Friday, December 9, 2011

Forgiving Ourselves

A reader left a comment about the difficulty in forgiving oneself for past wrongs inflicted upon family members.

I used to be a person who couldn't let go. Of anything. Not what others had done to me, nor what I'd done. I carried my memories (of miseries received, and those I'd dished out) like a ratty old sweater which I'd come at last to understand I didn't like, both for its ugliness and lack of ability to warm, but which I grabbed and donned without a thought, because every day when I arose, I put it on. It was just part of my morning ritual: wake up, get up, put on that guilt sweater.

I was disbelieving when it was suggested to me by other Al-Anon members that I could choose not to wear it. I remember wondering, what could I wear instead? It seems as though we Al-Anons are creatures of sustained, intense habit, and any presentation of options to replace our habits can be met with considerable rationalisation and justification of why we do the things we do, even as we admit to the unhappiness they cause us.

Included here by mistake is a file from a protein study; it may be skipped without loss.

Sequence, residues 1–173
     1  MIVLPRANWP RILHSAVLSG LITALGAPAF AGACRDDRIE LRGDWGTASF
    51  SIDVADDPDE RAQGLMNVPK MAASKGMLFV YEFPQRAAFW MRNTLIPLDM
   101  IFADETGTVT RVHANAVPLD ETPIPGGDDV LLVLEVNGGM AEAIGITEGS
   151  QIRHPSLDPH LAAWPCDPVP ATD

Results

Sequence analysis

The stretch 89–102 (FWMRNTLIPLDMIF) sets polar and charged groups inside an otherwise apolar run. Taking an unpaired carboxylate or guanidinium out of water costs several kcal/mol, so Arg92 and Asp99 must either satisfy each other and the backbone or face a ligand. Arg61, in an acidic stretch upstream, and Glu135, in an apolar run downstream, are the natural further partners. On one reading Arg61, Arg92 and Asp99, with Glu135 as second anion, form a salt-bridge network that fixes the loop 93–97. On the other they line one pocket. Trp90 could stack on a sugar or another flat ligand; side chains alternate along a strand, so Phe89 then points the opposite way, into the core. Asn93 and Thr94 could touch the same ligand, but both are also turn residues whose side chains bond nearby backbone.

I was recently introduced to an idea I've been mulling over - we argue for our misery and our limitations so strongly, because it gives us the excuse not to change. If it's ferociously complicated and entangled and convoluted, why, no reasonable person could expect us to change much, could they?

Whereas, if it's quite a simple process, we have not much excuse. Simplicity can be done. If this 12-Step truly is a simple program, then I'm not practising it because I choose not to. I can say "It's so hard!"  for as long as I decide to; there are no "musts" in Al-Anon, and nobody is going to tell me that I'm doing it the wrong way. I'm left to work at my own speed, and arrive at my own conclusions. I choose recovery, or I choose otherwise.

I used to believe that when I'd been in for many years, I'd be "fixed." I don't think that nowadays; I've got a greater understanding of the way this program works for me - what I get is directly proportional to my willingness to let go. I've given up trying to know why that is, and have accepted it as my personal truth.

1 comment:

  1. I've come to see that there are things that I can hear from newcomers that make more sense than what I hear from those who have been around a long time. "what I get is directly proportional to my willingness to let go"--Amen.